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Matt Somers

Matt Somers is the UK’s leading trainer of managers as coaches. His coaching skills training programmes, books, articles and seminars have helped thousands of managers achieve outstanding results through their people.

By all means ditch the Annual Appraisal, but please let’s not stop reviewing performance!

Written by Matt Somers on . Posted in Coaching Skills for Managers

Like a House of cards

Lately I’ve seen a number of articles suggesting it’s time to abandon performance reviews, claiming they’re a tired relic of 20thcentury manual-work that has no relevance to today’s knowledge-work environments.

There are certainly some obvious problems: how to ensure managers’ views of Excellent, Average,etc are the same; how to link the outcomes to pay without destroying motivation and how to stop staff and managers bending the system to suit themselves. (I worked with a company a couple of years back where someone told me that the staff pooled their Force Ranked bonuses and then redistributed them evenly amongst themselves!)

It’s also true that many managers and leaders can lack the skill or the inclination to conduct effective review conversations, as beautifully captured in the classic “Keith’s Appraisal” scene in The Office https://www.youtube.com/watch?v=IkYUDQCYGHA

According to an article I found on Forbes from Jan 18 some 35 out of 37 managers would happily give up performance reviews and this is what makes me nervous, because I wonder what they’ll do instead.

Whilst I whole heartedly agree that formalised Annual Appraisal type systems are largely outdated and pretty ineffective, I cannot agree that it is not a useful business process to review performance in an effort to understand what’s going well and what’s going less well.

In my experience, people need five key questions answered as they consider their work performance:

  • What is my job?
  • How well do I have to do it?
  • How am I doing?
  • How have I done?
  • What’s next?

But answering these does not require endless forms (or their electronic equivalent), hours of time in meeting rooms, or complex consistency checks by senior management.

In fact, an annual appraisal is simple if we’ve held regular one to ones, which are easy if we coach regularly, which we can do readily if we talk to our teams often, which we can do if we’re out of our cubicles and engaging regularly around the five questions above.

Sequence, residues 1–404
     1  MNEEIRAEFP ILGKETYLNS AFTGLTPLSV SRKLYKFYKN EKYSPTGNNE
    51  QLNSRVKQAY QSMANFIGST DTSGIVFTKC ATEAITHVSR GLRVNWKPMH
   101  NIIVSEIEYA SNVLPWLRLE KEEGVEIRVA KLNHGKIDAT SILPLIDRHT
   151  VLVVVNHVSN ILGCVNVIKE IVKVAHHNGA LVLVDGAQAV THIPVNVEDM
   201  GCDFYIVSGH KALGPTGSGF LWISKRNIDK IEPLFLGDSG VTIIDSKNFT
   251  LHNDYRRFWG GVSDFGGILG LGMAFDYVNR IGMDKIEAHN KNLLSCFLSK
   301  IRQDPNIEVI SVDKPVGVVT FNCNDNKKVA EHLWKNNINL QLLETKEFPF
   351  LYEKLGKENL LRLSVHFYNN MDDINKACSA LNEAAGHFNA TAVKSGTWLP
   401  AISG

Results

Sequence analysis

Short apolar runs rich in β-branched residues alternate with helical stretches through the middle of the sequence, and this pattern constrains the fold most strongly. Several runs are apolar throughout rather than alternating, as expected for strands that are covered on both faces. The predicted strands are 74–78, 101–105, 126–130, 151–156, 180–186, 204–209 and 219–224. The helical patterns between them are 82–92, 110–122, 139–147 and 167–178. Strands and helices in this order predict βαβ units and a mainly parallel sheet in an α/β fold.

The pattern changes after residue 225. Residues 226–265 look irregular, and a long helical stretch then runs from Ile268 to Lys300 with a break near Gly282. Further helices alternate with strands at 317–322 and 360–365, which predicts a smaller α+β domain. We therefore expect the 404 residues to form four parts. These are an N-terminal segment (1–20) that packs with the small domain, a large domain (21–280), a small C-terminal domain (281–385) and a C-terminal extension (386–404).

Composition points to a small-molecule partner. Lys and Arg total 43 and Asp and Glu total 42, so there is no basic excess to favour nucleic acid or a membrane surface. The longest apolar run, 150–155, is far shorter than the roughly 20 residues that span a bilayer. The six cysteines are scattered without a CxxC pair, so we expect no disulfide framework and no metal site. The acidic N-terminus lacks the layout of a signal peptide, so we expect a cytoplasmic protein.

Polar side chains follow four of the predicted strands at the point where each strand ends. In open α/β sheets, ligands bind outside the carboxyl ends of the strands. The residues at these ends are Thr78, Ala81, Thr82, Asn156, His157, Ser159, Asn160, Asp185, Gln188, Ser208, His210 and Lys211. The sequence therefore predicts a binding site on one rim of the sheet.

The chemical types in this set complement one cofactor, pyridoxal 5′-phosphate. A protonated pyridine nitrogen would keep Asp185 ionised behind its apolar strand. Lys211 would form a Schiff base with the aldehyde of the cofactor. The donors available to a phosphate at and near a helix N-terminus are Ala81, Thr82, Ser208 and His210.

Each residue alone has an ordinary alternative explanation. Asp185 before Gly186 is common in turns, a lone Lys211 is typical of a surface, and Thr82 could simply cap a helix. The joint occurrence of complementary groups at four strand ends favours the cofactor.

In that way, even if we do have to follow some kind of organisational process, we can get through it quickly knowing that the valuable stuff has already happened.

I’d be really keen to hear from anyone who’s swapped a formal appraisal system from an informal review approach and seen great results.

Can I have that disciplinary meeting now please?

Written by Matt Somers on . Posted in Coaching principles

Tagged:

A friend of mine is in sales. He sells high-end financial services products and is finding it hard going in the current market. The company’s main product has changed, making it much harder to sell and he has been given a new territory with very few of the affluent prospective clients he needs.

Whilst he’s a very experienced seller with a terrific track-record, his results and declining and his bosses are getting uptight. Knowing I have coached around such issues previously he got in contact looking for help.

I wanted to understand what would happen if things didn’t improve. My friend said, “Oh, they’ve told me in no uncertain terms that I’ll have to attend a disciplinary interview where we’ll examine ways my performance could improve; with a timetable and methods for tracking improvement.”

“And what did you say?” I asked.

“I said that sounds like it could be really helpful and could we do it now please!!”

I can see the point of a disciplinary interview for problems of willingness.By this I mean, recurring lateness, continual dubious sickness, being rude to colleagues or customers, etc.

But to discipline someone regarding their ability– struggling to use their knowledge, skills, experience and resources, seems to me to be daft.